This course will introduce the participants to the factors governing fuel-material compatibility and methods to predict and empirically determine compatibility for new alternative fuel chemistries. By understanding the mechanisms and factors associated with chemically-induced degradation, participants will be able to assess the impact of fuel chemistry to infrastructure components, including those associated with vehicle fuel systems. This course is unique in that it looks at compatibility from a fuel chemistry perspective, especially new fuel types such as alcohols and other biofuels. The introduction of these new fuels is of concern to the infrastructure and vehicle industries and is a timely topic given federal push towards renewable fuels. Since most fuels, especially those used in transportation, do not contain appreciable quantities of corrosive acids or water, more emphasis will be placed on elastomers and plastics used as seals and structural components. However, discussion of metal corrosion will be included for completeness. The seminar will include the use of solubility analysis to predict compatibility performance of selected polymer materials and conditions precipitating metal-based corrosion. Empirical results and field observations will be presented and discussed in the context of fuel chemistry and material structure.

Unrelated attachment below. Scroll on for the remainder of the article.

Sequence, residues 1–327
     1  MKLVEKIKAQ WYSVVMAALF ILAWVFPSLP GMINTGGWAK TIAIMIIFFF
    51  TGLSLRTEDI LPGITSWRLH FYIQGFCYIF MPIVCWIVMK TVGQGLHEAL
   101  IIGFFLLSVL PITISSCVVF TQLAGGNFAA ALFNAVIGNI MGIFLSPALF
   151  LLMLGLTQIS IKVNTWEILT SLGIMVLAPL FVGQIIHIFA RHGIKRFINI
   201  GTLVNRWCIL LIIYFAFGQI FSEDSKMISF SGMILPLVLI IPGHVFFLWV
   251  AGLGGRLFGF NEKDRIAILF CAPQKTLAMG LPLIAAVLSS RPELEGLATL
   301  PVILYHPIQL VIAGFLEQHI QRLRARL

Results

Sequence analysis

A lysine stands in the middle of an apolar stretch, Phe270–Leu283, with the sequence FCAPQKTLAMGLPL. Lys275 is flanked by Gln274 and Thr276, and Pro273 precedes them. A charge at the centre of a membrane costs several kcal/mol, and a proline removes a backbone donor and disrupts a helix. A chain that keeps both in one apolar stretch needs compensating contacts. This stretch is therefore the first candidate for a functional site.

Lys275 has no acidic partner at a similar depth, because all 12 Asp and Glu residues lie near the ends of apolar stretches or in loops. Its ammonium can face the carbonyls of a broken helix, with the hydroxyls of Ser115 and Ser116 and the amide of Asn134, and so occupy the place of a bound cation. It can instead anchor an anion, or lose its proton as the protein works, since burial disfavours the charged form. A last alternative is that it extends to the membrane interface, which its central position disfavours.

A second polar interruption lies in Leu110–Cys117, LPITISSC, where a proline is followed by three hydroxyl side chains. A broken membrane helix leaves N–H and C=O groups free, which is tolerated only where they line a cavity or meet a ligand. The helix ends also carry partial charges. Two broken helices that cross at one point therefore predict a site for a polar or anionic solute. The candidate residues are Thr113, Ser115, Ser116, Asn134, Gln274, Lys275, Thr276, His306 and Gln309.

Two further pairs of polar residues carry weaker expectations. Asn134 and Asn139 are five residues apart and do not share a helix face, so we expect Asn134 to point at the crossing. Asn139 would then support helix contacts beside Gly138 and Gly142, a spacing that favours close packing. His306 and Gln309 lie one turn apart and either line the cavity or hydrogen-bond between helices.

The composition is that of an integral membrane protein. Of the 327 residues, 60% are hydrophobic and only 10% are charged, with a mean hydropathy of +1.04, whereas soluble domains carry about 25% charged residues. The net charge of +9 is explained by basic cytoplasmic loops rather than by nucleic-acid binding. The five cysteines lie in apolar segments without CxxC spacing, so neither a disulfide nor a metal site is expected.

By attending this seminar, you will be able to:
Managers, engineers (mechanical, chemical, materials), systems engineers and designers, and fuel specialists who work for vehicle manufacturers and suppliers, manufacturers of fuel storage, dispensing, and delivery systems, state and federal regulators, fuel additive companies, biofuel producers, and petroleum producers will find this course valuable.
Participants should have undertaken college-level introductory chemistry courses and have a general understanding of polymer and metallic materials.
You must complete all course contact hours and successfully pass the learning assessment to obtain CEUs.
Mr. Kass is currently a member of the Fuel, Engines and Emissions Research Center at Oak Ridge National Laboratory (ORNL) where his research interests include advanced engine performance, emissions measurement and control, and fuel characterization. His work responsibilities include fuel-material interactions, especially polymer compatibility with biofuels. A long tenured employee of ORNL, Mike’s noteworthy accomplishments include successful development and application of solubility analyses to predict fuel compatibility with infrastructure elastomers and plastics; successful collaborations with NREL, Butamax, USEPA, and Underwriters Laboratories on assessing fueling infrastructure risk with new fuels; and serving as technical advisor to the CRC ULSD corrosion panel. He has authored/co-authored over forty publications, two invited book chapters, and two patents and holds committee memberships with SAE and CRC. Mike earned a PhD in Materials Science and Engineering from the University of Tennessee.